So going back to the beginning, my statement and Mr. Friedman's statement that this is just the beginning, what we are talking about now is a generation of technology that will not simply replace old technology with incremental advances in productivity as we've seen in the last 20 years, but really this information utility can change in very dramatic ways the way we communicate, the way we learn, with particular emphasis from our point of view and I believe from yours as well on our work force and how we prepare our work forces.

It is almost a clich‚ to say that one of the most pressing issues facing business leaders today--and I believe it is one of your most pressing issues as Governors as well--is how to empower employees to compete in this digital age.

Every corporation, whether it is a dot com or a brick-and-mortar, or as we now begin to say as these two kinds of companies come together, they are either clicks-and-mortars or bits-and-mortars, you pick your analogy, but every company is now dealing with the fact that technology is fundamental to how a company interacts with every constituent it has, whether that constituency are its shareowners, its employees, its suppliers, or its customers.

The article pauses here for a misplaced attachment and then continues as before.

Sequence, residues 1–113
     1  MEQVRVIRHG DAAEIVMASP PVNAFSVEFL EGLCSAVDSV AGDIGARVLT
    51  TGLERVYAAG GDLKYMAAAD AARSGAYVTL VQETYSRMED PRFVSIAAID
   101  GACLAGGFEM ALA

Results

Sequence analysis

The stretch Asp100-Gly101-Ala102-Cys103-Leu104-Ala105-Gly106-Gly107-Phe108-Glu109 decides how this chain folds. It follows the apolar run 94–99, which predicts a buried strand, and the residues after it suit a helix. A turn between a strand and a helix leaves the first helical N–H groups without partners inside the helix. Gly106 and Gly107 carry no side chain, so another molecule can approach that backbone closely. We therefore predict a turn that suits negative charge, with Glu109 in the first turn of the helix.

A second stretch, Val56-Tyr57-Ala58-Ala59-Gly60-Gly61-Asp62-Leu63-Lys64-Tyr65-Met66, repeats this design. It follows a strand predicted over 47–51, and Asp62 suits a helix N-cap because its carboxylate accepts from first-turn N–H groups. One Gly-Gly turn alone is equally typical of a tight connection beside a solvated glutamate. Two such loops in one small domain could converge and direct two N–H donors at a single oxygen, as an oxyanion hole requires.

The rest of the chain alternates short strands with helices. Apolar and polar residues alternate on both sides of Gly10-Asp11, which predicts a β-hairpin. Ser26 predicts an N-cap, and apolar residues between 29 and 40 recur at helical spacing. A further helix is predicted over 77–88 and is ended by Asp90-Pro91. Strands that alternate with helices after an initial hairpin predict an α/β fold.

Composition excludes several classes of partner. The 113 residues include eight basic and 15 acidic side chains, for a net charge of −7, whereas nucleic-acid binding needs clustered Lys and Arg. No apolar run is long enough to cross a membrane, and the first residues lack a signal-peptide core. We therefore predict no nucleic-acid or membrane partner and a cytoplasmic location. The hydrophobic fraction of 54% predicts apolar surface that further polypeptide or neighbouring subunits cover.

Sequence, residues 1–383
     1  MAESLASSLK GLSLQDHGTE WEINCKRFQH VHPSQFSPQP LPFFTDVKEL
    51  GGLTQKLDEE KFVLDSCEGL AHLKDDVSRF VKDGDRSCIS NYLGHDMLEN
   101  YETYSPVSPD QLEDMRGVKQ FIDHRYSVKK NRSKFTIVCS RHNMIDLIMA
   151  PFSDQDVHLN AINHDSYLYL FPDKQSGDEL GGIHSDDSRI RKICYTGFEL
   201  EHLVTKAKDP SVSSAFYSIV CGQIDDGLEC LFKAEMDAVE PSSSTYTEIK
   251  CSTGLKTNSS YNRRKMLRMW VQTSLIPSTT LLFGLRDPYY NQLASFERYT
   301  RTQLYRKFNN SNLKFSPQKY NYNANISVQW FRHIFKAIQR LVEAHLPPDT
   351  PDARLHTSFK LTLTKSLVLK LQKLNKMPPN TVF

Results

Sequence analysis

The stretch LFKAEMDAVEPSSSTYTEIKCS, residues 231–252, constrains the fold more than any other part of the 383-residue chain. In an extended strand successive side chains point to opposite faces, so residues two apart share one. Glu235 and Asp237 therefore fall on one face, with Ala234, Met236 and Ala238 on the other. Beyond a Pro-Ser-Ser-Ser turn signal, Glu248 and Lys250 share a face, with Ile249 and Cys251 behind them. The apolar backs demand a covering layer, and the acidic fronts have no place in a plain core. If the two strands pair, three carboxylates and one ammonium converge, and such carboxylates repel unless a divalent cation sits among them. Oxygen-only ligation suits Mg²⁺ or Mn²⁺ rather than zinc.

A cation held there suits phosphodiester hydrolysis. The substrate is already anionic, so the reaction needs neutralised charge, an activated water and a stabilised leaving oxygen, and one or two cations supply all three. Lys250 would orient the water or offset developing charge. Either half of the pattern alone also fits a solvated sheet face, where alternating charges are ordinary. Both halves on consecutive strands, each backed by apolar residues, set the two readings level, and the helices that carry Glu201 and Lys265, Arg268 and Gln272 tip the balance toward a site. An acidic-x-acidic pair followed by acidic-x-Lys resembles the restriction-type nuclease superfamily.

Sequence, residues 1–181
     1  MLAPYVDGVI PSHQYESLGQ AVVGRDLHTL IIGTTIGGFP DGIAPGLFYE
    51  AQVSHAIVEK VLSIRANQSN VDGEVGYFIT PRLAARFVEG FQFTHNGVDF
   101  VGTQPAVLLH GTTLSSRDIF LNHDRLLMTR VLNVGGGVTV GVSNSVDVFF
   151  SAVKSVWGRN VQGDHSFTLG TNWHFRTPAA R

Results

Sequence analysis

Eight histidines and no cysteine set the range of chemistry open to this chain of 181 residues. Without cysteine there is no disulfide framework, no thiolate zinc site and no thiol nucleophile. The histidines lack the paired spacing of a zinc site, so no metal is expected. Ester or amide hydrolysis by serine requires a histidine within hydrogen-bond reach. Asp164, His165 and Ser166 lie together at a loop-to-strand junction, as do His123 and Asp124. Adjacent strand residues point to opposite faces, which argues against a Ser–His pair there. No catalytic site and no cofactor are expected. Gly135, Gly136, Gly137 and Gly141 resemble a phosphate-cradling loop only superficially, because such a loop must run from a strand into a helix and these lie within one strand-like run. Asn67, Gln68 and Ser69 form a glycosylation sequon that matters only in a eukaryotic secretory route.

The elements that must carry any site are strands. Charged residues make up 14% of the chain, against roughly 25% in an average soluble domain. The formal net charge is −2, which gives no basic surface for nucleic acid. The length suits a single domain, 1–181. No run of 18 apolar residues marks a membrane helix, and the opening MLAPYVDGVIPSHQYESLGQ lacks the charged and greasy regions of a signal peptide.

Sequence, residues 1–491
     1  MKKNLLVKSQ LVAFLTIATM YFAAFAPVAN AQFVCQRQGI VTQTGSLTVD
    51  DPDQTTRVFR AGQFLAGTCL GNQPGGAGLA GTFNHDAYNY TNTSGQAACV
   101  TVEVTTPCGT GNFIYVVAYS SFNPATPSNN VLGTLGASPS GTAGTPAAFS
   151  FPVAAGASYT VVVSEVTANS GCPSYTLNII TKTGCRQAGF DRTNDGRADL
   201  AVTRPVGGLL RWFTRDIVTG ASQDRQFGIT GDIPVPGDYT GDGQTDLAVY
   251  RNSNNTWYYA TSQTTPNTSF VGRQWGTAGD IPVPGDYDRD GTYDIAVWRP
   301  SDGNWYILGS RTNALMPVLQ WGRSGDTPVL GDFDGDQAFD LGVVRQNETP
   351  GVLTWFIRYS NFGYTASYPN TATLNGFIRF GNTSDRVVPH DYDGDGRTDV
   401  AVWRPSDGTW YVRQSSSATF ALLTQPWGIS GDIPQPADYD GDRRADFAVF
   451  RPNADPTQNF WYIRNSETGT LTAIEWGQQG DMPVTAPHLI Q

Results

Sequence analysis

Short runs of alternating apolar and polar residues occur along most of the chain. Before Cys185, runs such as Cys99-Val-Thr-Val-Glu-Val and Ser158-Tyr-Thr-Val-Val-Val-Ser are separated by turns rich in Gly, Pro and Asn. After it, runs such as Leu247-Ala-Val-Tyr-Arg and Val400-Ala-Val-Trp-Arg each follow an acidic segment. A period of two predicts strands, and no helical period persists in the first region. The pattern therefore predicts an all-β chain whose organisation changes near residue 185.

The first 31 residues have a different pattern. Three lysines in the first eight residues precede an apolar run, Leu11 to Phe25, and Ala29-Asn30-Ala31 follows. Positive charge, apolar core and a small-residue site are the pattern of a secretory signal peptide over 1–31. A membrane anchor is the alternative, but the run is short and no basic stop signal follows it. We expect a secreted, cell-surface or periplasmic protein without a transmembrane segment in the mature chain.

Again, it is almost a clich‚ now, but technology has become every CEO's job. It is fundamental to how a company works and competes.

It is absolutely true that as the world becomes more networked, as everything, every place, every person, every context becomes networked, that does and should empower the individual. And so access and skills are the key to success.

They are the keys to success for people. They are the keys to success for companies. They are the keys to success, I believe, for states and governments and countries.

And you of course as Governors are facing the same challenge that we as CEOs are. That is, how to empower your constituents to participate in this new digital economy.

And you know of course that the stakes are very high for your economies and the quality of life in your states and for this country, just as the stakes are critically high for those of us as CEOS. It is about whether we prosper and survive or whether we fail.

A skilled workforce is how you as Governors attract and retain businesses and keep your economies vibrant. And the most skilled workers will drive location decisions and quality of life is of course a key factor for them.